or non narrative. It is not a literal kind of program music. But
it is also not entirely abstract. It uses editing and compositional
arrangement techniques that are very influenced by my studies of
electroacoustic music. At the same time, it is also in conversation
with other environmental, natural historical, acoustic ecology,
and soundscape (radio/performance) recordings. I am trying to reach
out, simultaneously, to sound artists, ecologists, anthropologists,
soundscape and radio people, and composers of experimental music.
I listen often and carefully to work by all of these people, and
Rainforest Soundwalks is very much about my conversation with their
work, as well as my distinctive way of listening absorbed through
years of being in the Bosavi forests.
CP What is the Anthropology of Sound?
SF I coined that term many years ago in response to the term
Anthropology of Music. My original concern was that
ethnomusicologists were artificially separating the patterning of
sound called music in the West, from the full human
and environmental world of sound. A good example in my early research
is the relationship of crying to singing to bird calls a
relationship central to the understanding of hearing and knowing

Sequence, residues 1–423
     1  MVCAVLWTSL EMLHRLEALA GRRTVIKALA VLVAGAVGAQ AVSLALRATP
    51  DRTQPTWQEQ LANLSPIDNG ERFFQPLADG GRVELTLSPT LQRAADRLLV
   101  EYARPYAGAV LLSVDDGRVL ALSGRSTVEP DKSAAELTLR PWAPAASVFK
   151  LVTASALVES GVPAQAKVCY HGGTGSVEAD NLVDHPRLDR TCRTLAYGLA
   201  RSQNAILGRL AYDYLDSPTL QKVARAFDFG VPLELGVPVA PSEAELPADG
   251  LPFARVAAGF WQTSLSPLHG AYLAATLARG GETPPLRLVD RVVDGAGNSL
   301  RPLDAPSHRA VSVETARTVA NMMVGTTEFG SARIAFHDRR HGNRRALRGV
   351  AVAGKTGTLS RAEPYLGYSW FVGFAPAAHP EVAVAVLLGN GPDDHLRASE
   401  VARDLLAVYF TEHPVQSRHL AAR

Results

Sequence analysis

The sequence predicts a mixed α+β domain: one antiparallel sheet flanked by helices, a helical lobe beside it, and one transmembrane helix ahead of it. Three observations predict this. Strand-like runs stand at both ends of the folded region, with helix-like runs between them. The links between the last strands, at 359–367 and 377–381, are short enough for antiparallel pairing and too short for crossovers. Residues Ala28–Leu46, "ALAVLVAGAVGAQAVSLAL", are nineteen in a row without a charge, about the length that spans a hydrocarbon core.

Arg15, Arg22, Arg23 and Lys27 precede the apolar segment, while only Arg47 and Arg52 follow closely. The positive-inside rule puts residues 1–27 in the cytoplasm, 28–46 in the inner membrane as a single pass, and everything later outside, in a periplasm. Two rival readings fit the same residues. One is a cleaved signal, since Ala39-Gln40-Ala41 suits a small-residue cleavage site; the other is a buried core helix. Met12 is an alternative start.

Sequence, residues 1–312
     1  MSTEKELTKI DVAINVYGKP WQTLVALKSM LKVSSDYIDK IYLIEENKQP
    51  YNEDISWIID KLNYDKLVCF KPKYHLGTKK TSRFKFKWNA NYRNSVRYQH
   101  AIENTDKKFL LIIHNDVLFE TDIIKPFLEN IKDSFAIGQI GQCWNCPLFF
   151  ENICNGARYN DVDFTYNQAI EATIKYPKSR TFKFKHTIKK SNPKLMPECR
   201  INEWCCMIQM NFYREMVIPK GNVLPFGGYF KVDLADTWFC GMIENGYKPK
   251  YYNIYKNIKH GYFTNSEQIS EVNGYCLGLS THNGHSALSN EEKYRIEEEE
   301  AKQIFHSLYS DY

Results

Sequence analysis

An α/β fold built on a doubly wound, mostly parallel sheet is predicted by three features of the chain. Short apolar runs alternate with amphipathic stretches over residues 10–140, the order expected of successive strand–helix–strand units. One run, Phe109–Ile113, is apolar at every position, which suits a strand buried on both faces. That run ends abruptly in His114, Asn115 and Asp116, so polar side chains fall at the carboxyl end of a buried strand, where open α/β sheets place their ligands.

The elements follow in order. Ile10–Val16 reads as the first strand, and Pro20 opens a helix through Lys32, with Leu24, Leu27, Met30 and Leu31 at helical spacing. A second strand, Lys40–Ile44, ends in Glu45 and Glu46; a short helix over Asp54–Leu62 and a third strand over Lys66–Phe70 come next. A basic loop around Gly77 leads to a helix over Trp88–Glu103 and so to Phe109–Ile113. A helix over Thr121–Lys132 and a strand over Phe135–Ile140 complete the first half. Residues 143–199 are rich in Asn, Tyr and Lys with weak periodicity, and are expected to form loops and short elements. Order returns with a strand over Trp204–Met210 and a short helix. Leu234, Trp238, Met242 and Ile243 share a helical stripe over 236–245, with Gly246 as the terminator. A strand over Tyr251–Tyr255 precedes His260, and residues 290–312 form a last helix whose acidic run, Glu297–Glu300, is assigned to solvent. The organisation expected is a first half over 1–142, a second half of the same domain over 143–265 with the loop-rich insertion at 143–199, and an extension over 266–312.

through sound in Bosavi. That was the subject of the Sound and Sentiment
book you heard about. I call my work anthropology of sound because
it attempts to connect sonic/acoustic form to social and historical
meaning. Everything I do is as much concerned with the production
of sound (the sources and agents) as with the reception of sound
who hears, how it is heard.
The best way to get the full sense of this anthropology of
sound idea is to juxtapose Rainforest Soundwalks with the
3-CD anthology and booklet I just released on Smithsonian Folkways
Bosavi: Rainforest Music from Papua New Guinea. On those
CDs you hear how the forest sounds not only inspire the poetry and
imagination and acoustic patterns of Bosavi song, crying etc. You
also hear how Bosavi songs and work sounds and ritual and ceremonial
sounds transform these forest sounds and are performed in concert
with them. The music of nature becomes the nature
of music. The juxtaposition of these recordings presents the
larger acoustic ecology of Bosavi that has been my passion
presenting a whole anthropology of/in sound for this community.
Rainforest Soundwalks is the foundational recording because it lets
you hear the basic tracks, the sonic everyday whether high
tone bird solos or more unfolding ambiences that people listen
to throughout their lives. It is through and on the attentive listening
to this world that Bosavi people built their songs and musical lives.
The Big Picture - [GO